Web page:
A powerful storm, forecast to dump up to 6 inches of rain across Long Island and buffeted by “strong to damaging winds,” continued drenching the region early Monday, with more of both expected through the morning commute.

By daybreak, Long Island has been spared any major damage, authorities across the region reported.

A high-wind warning remains in effect, however, through 11 a.m. Monday. Wind gusts could top 55 mph, the National Weather Service said. A flood watch continues until 1 p.m.

Early Monday morning, there were reports of flooding on NY 25 in both directions in the vicinity of Elwood Road in Huntington, with all lanes blocked, according to the state transportation department’s 511 system. The northbound Sagtikos State Parkway also experienced flooding at Exit S2 — Crooked Hill Road; Pilgrim Psychiatric Hospital (Islip), where the entrance ramp is blocked.

Flooding was also reported on several major roadways used by Long Island commuters and others in New York City, including in Queens, on the Long Island Expressway, Exit 22B — Van Wyck Expwy I-678 / College Point Blvd.

“Most of the rain will fall in a 12 hour period through early Monday AM,” said the weather service in a storm update Sunday. Up to 6 inches of rain is forecast before the storm clears Long Island, according to the update.

Rain on the Northern State Parkway near Huntington. December 10,...

Rain on the Northern State Parkway near Huntington. December 10, 2023 Credit: Rick Kopstein

The wet, windy conditions could lead to a challenging Monday morning commute across the region, officials said. The potential for thunderstorms continues through 11 a.m. After that, there is a chance of showers until Monday night, when it will be mostly clear. The high Monday will hit 46 degrees, dropping to 29 at night.

Through Monday afternoon “across much of the area, widespread minor urban and riverine flooding is expected into with a localized to scattered flash flood threat,” the weather service said.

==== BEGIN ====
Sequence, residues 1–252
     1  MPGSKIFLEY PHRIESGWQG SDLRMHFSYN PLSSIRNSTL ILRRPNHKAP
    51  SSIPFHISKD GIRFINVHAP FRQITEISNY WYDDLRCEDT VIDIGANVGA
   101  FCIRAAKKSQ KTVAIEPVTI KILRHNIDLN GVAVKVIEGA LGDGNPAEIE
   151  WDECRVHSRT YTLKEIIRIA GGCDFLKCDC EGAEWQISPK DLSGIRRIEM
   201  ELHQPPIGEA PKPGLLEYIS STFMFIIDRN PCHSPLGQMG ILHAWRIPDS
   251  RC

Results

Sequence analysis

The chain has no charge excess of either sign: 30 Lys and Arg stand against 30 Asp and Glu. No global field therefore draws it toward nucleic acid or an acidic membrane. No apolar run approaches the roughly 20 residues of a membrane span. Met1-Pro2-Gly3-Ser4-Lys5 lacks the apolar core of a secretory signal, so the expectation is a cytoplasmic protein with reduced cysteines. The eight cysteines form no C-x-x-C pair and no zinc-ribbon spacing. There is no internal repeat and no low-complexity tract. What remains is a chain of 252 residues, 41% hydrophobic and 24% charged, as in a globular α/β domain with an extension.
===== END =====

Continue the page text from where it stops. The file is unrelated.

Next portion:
The winds have the potential to topple trees, down power lines and trigger scattered power outages, the weather service said. Gusts of between 45 and 55 mph are forecast through Monday morning with afternoon gusts of 50 mph possible.

On Sunday, the NICE Bus officials advised commuters to expect delays. Riders should allow for extra time and check ahead for delays before leaving, said officials with the Nassau Inter-County Express bus system.

PSEG Long Island's online map showed 34 power outages affecting 780 customers as of 11 p.m. Sunday.

By 6:30 a.m. Monday, that number was down to 18 outages affecting 73 customers in Roslyn, Williston Park, Old Westbury, Farmingdale and on each of the Twin Forks.

The Nassau and Suffolk police departments had no reports of widespread flooding, wind damage or crashes due to the storm as of early Monday. There were scattered reports of trees down and isolated pockets of flooding.

The New York City Emergency Management Department issued a travel advisory for Sunday and Monday. Heavy rain could cause dangerous road conditions. Commuters shouldn't drive or walk on roads or sidewalks covered by water. New Yorkers are urged to limit travel and stay indoors, especially during the times of heaviest rain and wind, according to the advisory.

As of early Sunday night, area airports had not reported any flight delays.

A citywide flood watch is in effect through 6 a.m. The Metropolitan Transportation Authority has placed a ban on empty tractor trailers and tandem trucks entering New York City bridges and tunnels, also through 6 a.m.

Similar to the rain, the peak winds will likely occur overnight and taper off Monday, said National Weather Service meteorologist James Tomasini.

“But it will remain gusty through Monday afternoon,” Tomasini said. “We’re still looking like 30-to-40 mile-per-hour gusts.”

Tuesday and Wednesday highs are forecast to top out in the mid-40s under sunny skies. The low will dip to 35 on Tuesday night and 27 overnight Wednesday.